When you have a family member, significant other, or a friend who is experiencing addiction to prescription drugs, alcohol, or illicit substances, it can be a significant stress for your relationship. You want what is best for them, but they can often seem incapable of doing what is best for themselves. Meanwhile, your efforts to help them may only put further strain on the relationship.
Important Facts to Understand About Addiction
When someone you love is struggling with addiction, one of the most important things you can do, but also one of the hardest, is to stay compassionate and not take their behavior personally. Addiction will often cause a change in behavior, making a person less empathetic and more irritable. It can also cause them to do things you do not agree with, like stealing, neglecting work, driving under the influence, and taking risks.
These are the addiction, not the person themselves. You also want to remember that people do not become addicted on purpose. Addiction can often start from another concern, like depression or anxiety, and the dependency develops over time.
Help with addiction will generally involve encouraging your loved one to get professional treatment and supporting them throughout the process. You can do this by:
- Doing Your Own Research – Look into the symptoms and behaviors of addiction for the type of addiction your loved one is experiencing and what to expect in the recovery process. This will help you be more confident and less affected by setbacks during the recovery process.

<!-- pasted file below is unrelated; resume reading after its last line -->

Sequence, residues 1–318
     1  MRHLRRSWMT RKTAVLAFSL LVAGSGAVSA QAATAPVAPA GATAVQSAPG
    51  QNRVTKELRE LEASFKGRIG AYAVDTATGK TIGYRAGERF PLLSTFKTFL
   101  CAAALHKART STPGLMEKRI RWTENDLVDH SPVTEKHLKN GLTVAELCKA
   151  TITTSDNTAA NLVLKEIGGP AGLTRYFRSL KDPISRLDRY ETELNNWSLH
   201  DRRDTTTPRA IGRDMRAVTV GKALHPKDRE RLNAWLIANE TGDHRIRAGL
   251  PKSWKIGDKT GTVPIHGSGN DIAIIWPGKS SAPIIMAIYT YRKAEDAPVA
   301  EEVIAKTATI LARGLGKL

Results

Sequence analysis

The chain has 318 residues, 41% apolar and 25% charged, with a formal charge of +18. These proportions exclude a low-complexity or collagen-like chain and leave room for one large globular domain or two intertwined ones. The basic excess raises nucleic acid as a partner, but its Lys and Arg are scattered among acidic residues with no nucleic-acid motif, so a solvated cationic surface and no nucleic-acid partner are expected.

- Maintain Trust – Although an addiction will strain relationships, it is important that your loved one can trust that you have their best interests at heart. Avoid lying or going behind their back as you help them seek treatment.
- Use Supportive Language – Addiction can often cause a person to believe that others are against them. When talking to your loved one about addiction, avoid any conversations meant to guilt or shame them and instead work on being as supportive as possible.
- Find a Balance Between Compassion and Enforcement – One of the more challenging aspects of being supportive in addiction treatment is to remain compassionate and understanding without enabling addictive behavior.
While forcing someone to go to addiction treatment will often not work on its own, you can still be supportive in helping a loved one who has decided on treatment to find a psychiatrist for addiction in Dallas and help provide the support that the psychiatrist recommends.
Aware Behavioral Health provides addiction treatment in Dallas and works with patients experiencing addictions to drugs, alcohol, prescription medication, and more to help you and your loved ones navigate the recovery process. Contact us to get started.